Most heat treaters have been told by in-house customers, as well as external customers, that we need to have the component “heat treated without distortion.” That is essentially an impossibility. The component will distort, but the skill of the heat treater must now create the impression that distortion has not occurred even though heat treatment created a metallurgical phase change.

If we consider the rise of a steel part temperature, molecular changes occur in the structure of the material.

  • Once heat is applied to the steel, there will be movement from the relieving of machining stresses (i.e., the part will undergo possible movement, which we know as distortion).
  • As the temperature of the steel escalates upward to the transition area (approximate temperature 1300°F; dull-red heat), the metallurgical structure now begins to transform from what is known as ferrite.
  • The steel is now continuously increasing in temperature. Once it increases above the A1 line, the physical molecular change continues into a new phase.
  • As a result, there are three volumetric size changes (including the room-temperature molecular structure).


Please be aware that when the process temperature of the steel reaches a transformation line, it does not mean that the complete phase area is immediately transitioning from one phase to the next. It means that the volumetric size of the crystal structure is changing as the steel process temperature is changing. The completeness of each transformation will depend on:

  • Maximum cross-section
  • Residence time at the selected temperature (dependent on process temperature selection)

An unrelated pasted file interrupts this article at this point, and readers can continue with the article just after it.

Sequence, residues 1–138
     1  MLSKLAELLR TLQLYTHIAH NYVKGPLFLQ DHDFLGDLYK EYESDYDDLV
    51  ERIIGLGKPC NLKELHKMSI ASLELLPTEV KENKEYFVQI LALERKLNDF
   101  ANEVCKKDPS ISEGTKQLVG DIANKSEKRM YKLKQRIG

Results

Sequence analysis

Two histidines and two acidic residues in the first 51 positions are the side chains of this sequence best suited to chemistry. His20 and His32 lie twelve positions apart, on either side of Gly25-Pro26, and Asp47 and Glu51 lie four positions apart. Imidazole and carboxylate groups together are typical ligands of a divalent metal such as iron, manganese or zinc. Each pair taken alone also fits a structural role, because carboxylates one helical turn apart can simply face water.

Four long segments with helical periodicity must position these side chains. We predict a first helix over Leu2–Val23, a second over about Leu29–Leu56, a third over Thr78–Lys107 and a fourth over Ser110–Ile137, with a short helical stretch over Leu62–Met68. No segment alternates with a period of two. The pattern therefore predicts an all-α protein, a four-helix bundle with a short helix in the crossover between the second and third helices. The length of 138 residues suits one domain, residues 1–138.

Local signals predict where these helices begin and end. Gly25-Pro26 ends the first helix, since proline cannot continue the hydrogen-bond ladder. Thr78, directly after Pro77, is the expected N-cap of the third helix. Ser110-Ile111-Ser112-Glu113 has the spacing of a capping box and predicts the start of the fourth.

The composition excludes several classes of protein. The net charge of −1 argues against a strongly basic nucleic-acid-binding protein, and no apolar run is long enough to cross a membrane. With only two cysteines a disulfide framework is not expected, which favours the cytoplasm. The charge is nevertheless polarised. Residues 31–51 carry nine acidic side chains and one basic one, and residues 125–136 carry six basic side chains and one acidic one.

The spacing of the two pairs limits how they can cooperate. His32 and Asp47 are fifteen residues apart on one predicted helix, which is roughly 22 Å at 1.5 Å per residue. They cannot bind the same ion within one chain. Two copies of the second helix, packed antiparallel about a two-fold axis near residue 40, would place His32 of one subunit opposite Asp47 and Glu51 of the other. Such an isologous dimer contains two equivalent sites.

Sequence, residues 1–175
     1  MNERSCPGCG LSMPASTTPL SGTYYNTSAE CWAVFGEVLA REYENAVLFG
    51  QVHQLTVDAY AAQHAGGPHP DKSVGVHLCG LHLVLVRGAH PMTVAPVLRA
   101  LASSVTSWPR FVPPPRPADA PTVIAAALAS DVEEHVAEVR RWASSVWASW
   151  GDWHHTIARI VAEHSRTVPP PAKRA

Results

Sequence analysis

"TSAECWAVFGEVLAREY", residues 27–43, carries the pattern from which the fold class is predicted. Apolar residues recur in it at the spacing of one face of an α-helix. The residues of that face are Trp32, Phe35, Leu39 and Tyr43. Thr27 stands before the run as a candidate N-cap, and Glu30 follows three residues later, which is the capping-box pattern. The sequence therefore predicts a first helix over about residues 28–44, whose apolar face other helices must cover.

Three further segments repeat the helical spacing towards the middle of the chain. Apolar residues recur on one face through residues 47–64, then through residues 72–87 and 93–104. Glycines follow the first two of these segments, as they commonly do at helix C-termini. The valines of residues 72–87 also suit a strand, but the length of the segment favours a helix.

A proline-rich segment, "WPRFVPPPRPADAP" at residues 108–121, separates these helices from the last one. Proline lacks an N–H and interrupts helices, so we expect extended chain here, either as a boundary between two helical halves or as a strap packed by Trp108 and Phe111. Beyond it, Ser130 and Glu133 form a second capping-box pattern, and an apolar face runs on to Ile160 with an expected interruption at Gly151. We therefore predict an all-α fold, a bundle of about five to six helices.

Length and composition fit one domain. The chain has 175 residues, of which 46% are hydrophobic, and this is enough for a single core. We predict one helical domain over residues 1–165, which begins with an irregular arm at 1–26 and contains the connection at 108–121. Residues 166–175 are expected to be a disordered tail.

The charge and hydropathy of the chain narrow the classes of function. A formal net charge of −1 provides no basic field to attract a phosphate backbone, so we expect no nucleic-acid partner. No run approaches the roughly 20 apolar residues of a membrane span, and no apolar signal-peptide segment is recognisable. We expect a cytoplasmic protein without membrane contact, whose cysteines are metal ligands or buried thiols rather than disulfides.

• Total analysis
  • Areas of grain growth within the body of the material
  • Change in temperature rise and the relief of residual machining stresses
  • Changes in cooling rate (and/or quench-medium type)


Distortion can be caused by changes in shape and/or size, which are related to heating or cooling time and temperature. An additional influencing factor that is not often considered is the effect of induced mechanical stresses caused by the working of the metal (this also applies to nonferrous materials).

Most heat treaters have been told by in-house customers, as well as external customers, that we need to have the component “heat treated without distortion.” That is essentially an impossibility. The component will distort, but the skill of the heat treater must now create the impression that distortion has not occurred even though heat treatment created a metallurgical phase change.

If we consider the rise of a steel part temperature, molecular changes occur in the structure of the material.

  • Once heat is applied to the steel, there will be movement from the relieving of machining stresses (i.e., the part will undergo possible movement, which we know as distortion).
  • As the temperature of the steel escalates upward to the transition area (approximate temperature 1300°F; dull-red heat), the metallurgical structure now begins to transform from what is known as ferrite.
  • The steel is now continuously increasing in temperature. Once it increases above the A1 line, the physical molecular change continues into a new phase.
  • As a result, there are three volumetric size changes (including the room-temperature molecular structure).


Please be aware that when the process temperature of the steel reaches a transformation line, it does not mean that the complete phase area is immediately transitioning from one phase to the next. It means that the volumetric size of the crystal structure is changing as the steel process temperature is changing. The completeness of each transformation will depend on:

  • Maximum cross-section
  • Residence time at the selected temperature (dependent on process temperature selection)
  • Total analysis
  • Areas of grain growth within the body of the material
  • Change in temperature rise and the relief of residual machining stresses
  • Changes in cooling rate (and/or quench-medium type)


Distortion can be caused by changes in shape and/or size, which are related to heating or cooling time and temperature. An additional influencing factor that is not often considered is the effect of induced mechanical stresses caused by the working of the metal (this also applies to nonferrous materials).